*This interview was conducted prior to coach Bobby Bowden's passing.
Florida State Hall of famer and first-round draft pick Sammie Smith has had an interesting journey through life and an interesting career overall.
Some would say he helped lay the foundation for FSU’s dynasty run starting in the late 80’s; he holds the seventh place on FSU's all-time rushing yards record, on a list littered with first-round talent.
We got a chance to talk with Sammie about his time at FSU, his time with coach Bowden, bowl games, mentorship, and a host of other things.
He currently serves as the director of character development for the Ole Miss Rebels and says his role in the Fellowship of Christian Athletes is one of guidance.
So what was your most memorable moment, wearing the garnet and gold, both in personal achievements and as a team?
Well, you know, when I came to Florida State, signing was certainly a bonus moment. And then watching that class that we came in with get validated and solid, Deion and Odell Haggins were a part of my class—Pat Tomberlin. We had [Chip] Ferguson and Peter Tom Willis, you know, just a host of guys—my high school teammates Anthony Williams, Kenny Carr. And so that class was just, in my opinion, an amazing class. And we came here with the idea of turning Florida State into a national championship contender. I think by the time we left there, we did that.”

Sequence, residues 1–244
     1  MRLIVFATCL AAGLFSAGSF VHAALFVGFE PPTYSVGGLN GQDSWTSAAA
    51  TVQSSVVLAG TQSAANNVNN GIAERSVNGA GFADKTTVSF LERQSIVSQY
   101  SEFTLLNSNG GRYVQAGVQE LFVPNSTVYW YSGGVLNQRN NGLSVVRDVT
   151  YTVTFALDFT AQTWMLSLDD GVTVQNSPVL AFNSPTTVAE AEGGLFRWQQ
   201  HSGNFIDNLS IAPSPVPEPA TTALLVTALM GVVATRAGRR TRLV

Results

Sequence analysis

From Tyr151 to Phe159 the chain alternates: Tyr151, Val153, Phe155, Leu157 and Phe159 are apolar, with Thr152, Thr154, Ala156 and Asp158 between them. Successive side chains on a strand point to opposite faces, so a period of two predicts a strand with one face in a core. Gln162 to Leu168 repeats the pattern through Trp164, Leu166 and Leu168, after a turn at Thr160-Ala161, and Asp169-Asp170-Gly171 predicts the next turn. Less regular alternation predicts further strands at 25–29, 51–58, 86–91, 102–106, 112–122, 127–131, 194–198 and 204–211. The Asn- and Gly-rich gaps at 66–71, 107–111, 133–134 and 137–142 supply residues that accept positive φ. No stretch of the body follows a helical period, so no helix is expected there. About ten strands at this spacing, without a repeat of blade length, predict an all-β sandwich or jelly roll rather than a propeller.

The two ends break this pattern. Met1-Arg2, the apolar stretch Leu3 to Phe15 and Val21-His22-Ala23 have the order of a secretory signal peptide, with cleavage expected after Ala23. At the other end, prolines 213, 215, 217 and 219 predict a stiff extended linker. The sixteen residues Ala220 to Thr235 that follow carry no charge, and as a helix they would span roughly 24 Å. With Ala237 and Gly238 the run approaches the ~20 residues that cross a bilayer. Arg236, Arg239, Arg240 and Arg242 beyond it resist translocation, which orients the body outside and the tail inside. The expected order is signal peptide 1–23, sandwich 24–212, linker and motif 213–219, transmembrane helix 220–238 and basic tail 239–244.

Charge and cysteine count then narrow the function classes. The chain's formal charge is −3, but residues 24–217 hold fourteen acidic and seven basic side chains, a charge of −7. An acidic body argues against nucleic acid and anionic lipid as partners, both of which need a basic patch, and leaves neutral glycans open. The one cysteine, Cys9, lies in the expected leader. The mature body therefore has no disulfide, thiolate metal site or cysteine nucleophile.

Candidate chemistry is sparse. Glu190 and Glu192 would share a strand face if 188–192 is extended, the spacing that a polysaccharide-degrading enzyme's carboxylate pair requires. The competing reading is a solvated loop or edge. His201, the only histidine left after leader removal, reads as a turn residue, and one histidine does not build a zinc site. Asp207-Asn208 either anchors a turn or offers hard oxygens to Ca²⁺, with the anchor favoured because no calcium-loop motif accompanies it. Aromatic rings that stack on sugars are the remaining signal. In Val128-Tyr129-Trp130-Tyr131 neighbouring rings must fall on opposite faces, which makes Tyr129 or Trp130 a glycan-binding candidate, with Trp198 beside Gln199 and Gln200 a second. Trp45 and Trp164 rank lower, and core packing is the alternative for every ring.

“We weren't fortunate enough to win one, that Miami team was a thorn in our sides. But in 1987 man, we had them down 19 and I think to three at the half, in a game that—we were really, really a good football team, and should’ve won, and that’s the most hurting game I ever endured at Florida State— was to allow them to come back. I think they won that game twenty-seven, twenty-six, or something like that. There was one point we went for two at the end to try to win the game, we didn’t want to tie it, which we could have, and then to go on and win all of the rest of our games and finish the season, in the top two or three teams in the country. That was a memory. ”